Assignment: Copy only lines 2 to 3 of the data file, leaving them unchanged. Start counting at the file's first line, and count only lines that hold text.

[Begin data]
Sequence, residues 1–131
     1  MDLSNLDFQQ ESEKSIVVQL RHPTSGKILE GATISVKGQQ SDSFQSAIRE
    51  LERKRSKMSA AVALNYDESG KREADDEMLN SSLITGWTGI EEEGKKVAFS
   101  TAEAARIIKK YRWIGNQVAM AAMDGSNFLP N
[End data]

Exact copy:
     1  MDLSNLDFQQ ESEKSIVVQL RHPTSGKILE GATISVKGQQ SDSFQSAIRE
    51  LERKRSKMSA AVALNYDESG KREADDEMLN SSLITGWTGI EEEGKKVAFS